So, I was there, that Sunday, two weeks after he arrived at my sister’s apartment, as a visitor. He was on morphine and seemed to be asleep although Susan said he could hear us. Hearing, she said, is the last sense to go. When it was time to change him, she asked me to step out of the room. This was apparently to protect me from seeing my dad naked. When I returned, I held his hand a said a few words to him. That night, a few hours after I had left, my father died.

In some ways, remembering our family’s story of loss feels like telling a cautionary tale about experiences with doctors, hospitals, and nursing homes, but mostly it is a tribute to my sisters for doing what each of us would like done for us in our last moments. They both found a way to give my father the how and where he wanted when he was ready to go. And it’s a tribute to all those daughters and nurses who care for our mothers and fathers, who feed them and change them and hold their hands until the end.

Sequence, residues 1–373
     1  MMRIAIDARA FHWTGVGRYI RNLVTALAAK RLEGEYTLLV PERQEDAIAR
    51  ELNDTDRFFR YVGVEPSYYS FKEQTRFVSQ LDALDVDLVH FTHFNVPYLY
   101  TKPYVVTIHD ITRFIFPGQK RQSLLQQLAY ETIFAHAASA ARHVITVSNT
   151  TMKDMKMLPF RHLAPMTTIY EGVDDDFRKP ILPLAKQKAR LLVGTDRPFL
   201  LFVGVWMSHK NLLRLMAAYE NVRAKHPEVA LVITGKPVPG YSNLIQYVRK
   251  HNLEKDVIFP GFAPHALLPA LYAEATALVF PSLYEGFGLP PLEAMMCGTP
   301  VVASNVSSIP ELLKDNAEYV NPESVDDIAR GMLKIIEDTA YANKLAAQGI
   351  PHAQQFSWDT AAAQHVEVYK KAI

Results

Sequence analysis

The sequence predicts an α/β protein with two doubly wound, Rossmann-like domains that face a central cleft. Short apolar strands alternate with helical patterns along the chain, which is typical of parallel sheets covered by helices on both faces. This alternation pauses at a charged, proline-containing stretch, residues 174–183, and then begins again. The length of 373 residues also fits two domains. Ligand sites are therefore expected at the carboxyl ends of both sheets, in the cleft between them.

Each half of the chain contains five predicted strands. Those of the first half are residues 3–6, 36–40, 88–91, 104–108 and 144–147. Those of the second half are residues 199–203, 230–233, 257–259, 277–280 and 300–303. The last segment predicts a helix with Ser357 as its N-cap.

Ed Meek
Ed Meek writes poetry, short stories, essays and book reviews. His work has appeared in The Sun, The Baltimore Review, The North American Review, The Boston Globe Magazine. His latest book of poems is "High Tide". He lives in Somerville, Massachusetts with his wife Elizabeth and their dog Mookie. You can find him on Twitter @emeek and on his website www.edmeek.net.
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Cover image by Micheile Dot Com.